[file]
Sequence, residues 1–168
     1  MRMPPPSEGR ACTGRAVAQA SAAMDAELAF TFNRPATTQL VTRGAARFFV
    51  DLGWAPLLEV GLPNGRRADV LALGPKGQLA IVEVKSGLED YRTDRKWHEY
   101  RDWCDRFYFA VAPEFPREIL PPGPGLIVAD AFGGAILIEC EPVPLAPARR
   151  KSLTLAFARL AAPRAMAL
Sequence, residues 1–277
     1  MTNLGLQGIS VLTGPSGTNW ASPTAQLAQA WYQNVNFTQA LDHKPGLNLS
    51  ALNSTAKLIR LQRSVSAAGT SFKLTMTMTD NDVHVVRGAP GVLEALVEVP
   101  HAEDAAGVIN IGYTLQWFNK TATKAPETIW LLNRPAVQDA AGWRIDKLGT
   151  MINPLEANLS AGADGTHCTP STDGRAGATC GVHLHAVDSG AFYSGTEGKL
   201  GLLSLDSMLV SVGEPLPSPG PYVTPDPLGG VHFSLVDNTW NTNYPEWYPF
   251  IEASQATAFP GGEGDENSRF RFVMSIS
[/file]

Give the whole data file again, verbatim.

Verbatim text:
Sequence, residues 1–168
     1  MRMPPPSEGR ACTGRAVAQA SAAMDAELAF TFNRPATTQL VTRGAARFFV
    51  DLGWAPLLEV GLPNGRRADV LALGPKGQLA IVEVKSGLED YRTDRKWHEY
   101  RDWCDRFYFA VAPEFPREIL PPGPGLIVAD AFGGAILIEC EPVPLAPARR
   151  KSLTLAFARL AAPRAMAL
Sequence, residues 1–277
     1  MTNLGLQGIS VLTGPSGTNW ASPTAQLAQA WYQNVNFTQA LDHKPGLNLS
    51  ALNSTAKLIR LQRSVSAAGT SFKLTMTMTD NDVHVVRGAP GVLEALVEVP
   101  HAEDAAGVIN IGYTLQWFNK TATKAPETIW LLNRPAVQDA AGWRIDKLGT
   151  MINPLEANLS AGADGTHCTP STDGRAGATC GVHLHAVDSG AFYSGTEGKL
   201  GLLSLDSMLV SVGEPLPSPG PYVTPDPLGG VHFSLVDNTW NTNYPEWYPF
   251  IEASQATAFP GGEGDENSRF RFVMSIS